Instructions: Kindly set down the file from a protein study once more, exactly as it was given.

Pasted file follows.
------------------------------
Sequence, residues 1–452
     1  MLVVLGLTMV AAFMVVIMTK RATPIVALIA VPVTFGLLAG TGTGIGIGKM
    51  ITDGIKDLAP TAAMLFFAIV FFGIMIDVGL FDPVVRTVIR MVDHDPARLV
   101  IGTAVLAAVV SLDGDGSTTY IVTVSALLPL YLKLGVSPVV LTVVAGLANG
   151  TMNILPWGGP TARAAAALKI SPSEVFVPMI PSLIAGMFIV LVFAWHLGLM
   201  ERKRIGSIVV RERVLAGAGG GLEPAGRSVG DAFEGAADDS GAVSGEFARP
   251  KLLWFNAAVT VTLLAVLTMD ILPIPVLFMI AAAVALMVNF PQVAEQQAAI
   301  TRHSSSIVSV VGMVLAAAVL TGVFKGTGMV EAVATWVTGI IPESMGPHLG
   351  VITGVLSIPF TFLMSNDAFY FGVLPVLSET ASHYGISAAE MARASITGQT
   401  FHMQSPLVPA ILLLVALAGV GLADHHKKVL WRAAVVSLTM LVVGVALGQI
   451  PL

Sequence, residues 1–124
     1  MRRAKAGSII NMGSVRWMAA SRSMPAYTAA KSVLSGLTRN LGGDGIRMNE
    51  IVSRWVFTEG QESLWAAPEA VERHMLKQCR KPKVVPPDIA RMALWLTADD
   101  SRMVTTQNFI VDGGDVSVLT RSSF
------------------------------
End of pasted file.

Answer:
Sequence, residues 1–452
     1  MLVVLGLTMV AAFMVVIMTK RATPIVALIA VPVTFGLLAG TGTGIGIGKM
    51  ITDGIKDLAP TAAMLFFAIV FFGIMIDVGL FDPVVRTVIR MVDHDPARLV
   101  IGTAVLAAVV SLDGDGSTTY IVTVSALLPL YLKLGVSPVV LTVVAGLANG
   151  TMNILPWGGP TARAAAALKI SPSEVFVPMI PSLIAGMFIV LVFAWHLGLM
   201  ERKRIGSIVV RERVLAGAGG GLEPAGRSVG DAFEGAADDS GAVSGEFARP
   251  KLLWFNAAVT VTLLAVLTMD ILPIPVLFMI AAAVALMVNF PQVAEQQAAI
   301  TRHSSSIVSV VGMVLAAAVL TGVFKGTGMV EAVATWVTGI IPESMGPHLG
   351  VITGVLSIPF TFLMSNDAFY FGVLPVLSET ASHYGISAAE MARASITGQT
   401  FHMQSPLVPA ILLLVALAGV GLADHHKKVL WRAAVVSLTM LVVGVALGQI
   451  PL

Sequence, residues 1–124
     1  MRRAKAGSII NMGSVRWMAA SRSMPAYTAA KSVLSGLTRN LGGDGIRMNE
    51  IVSRWVFTEG QESLWAAPEA VERHMLKQCR KPKVVPPDIA RMALWLTADD
   101  SRMVTTQNFI VDGGDVSVLT RSSF